Did you know that there are currently around 6 million people in Britain helping and supporting their family, partners or friends who are ill or disabled?
Caregiving, which can most often be unpaid, can cause an incredible impact on an individual’s life, whether it’s the person giving the care or receiving the care. This just shows that increasing the awareness surrounding caregiving is crucial for all parties, which is where the below infographic comes in, as it outlines the key costs, concerns and the options involved around caregiving.
Whether you’re a professional caregiver, friend or family caregiver, someone looking for advice on caregiving or someone in need of a carer, check out the below infographic by UKS Mobility and help spread the awareness of caregiving.
The infographic outlines what exactly caregiving involves, the financial and emotional costs which can impact an individual, some key concerns and myths, how to find the right caregiver, as well as depicting the various options regarding caregiving.
Whether you are a nurse, a doctor, or even a caregiver, there are many ways in which you may have been trained to show support for your patients. If you put yourself in the shoes of one of your patient, you will quickly realize there are many things that would change. For most, a patient has some type illness or issue that prevents them from being healthy and performing normal activities that you may take for granted.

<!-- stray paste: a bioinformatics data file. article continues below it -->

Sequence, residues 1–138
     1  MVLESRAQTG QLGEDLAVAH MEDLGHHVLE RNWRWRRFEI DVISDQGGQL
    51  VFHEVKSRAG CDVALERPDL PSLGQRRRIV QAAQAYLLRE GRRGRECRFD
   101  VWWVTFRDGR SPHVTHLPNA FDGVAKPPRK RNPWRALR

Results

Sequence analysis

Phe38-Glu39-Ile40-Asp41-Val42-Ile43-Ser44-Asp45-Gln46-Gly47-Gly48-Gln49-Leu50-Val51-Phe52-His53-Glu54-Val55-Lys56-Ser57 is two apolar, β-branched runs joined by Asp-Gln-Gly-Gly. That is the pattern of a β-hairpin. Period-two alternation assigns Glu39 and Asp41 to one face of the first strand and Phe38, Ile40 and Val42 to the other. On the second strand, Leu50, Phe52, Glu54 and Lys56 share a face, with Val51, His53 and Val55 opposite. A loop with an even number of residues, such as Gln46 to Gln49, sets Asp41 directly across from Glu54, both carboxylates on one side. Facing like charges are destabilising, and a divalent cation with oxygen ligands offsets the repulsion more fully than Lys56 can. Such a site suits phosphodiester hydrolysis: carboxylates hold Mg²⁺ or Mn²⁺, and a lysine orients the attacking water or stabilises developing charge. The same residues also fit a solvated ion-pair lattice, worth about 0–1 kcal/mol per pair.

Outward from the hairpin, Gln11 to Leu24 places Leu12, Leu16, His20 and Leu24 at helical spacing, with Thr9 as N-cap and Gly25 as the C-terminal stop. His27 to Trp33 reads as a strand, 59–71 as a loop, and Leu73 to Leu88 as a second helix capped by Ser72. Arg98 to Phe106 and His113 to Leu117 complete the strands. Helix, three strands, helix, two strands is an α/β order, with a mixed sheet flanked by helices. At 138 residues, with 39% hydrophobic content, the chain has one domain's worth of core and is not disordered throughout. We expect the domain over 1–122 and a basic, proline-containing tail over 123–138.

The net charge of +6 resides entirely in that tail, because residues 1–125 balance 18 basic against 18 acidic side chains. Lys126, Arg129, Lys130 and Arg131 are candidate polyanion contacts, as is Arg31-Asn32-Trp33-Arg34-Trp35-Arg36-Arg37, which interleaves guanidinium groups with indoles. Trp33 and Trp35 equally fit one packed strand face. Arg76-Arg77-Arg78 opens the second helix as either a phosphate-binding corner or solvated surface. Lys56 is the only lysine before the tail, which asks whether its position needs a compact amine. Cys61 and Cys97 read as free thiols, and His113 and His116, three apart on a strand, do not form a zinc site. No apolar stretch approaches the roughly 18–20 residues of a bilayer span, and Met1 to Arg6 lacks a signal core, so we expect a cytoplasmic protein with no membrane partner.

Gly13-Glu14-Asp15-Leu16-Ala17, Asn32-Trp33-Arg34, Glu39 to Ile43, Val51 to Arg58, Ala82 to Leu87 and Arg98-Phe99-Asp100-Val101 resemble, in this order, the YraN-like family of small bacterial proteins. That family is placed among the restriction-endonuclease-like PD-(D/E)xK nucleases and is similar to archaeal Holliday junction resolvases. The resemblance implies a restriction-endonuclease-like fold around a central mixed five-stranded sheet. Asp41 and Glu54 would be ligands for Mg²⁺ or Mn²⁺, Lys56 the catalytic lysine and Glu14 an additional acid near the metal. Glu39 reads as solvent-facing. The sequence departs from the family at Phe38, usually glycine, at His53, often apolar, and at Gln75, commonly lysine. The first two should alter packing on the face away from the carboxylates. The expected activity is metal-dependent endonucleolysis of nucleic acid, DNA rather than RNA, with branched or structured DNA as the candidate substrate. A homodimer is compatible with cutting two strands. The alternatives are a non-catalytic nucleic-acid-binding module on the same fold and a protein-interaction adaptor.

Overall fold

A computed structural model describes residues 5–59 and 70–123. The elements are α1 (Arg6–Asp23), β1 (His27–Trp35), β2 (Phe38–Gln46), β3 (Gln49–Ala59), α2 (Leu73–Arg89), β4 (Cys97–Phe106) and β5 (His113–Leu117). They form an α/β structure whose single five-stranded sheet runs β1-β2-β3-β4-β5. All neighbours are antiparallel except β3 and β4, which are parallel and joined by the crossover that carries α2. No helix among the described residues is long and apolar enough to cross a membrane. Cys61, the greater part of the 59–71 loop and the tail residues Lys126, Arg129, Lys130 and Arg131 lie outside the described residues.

When considering patients, it’s important to remember what they are going through, and some of the possible side effects of the diagnosis they may receive. There are many physical, emotional, and even financial repercussions that may result from a medical diagnosis provided to a patient. Sympathizing and understanding the struggles or challenges they may be dealing with is one of the most important things that a caregiver can provide.
As a medical professional, your employer most likely trained you to undergo the common steps to helping a patient while they are in the realm of your care. Some of these steps include ensuring they are comfortable in the hospital, making sure they are being supervised, and ensuring they are recovering or gaining strength from whichever illness they may be overcoming while in your care. Outside of these core values, there are plenty of personal aspects in which medical professionals can show emotional support for their patients.
Outside of your daily routines and tasks in the office, it’s important that you show emotional concern and support for all patients you come into contact with. Take the extra step, and go outside of just providing the care they need, and checking on them regularly. Like stated before, put yourself in their shoes and try to empathize what they are dealing with on a day to day basis. Take a moment to think about some of the thoughts that are going through the patient’s head, and think of ways in which you can relate to them.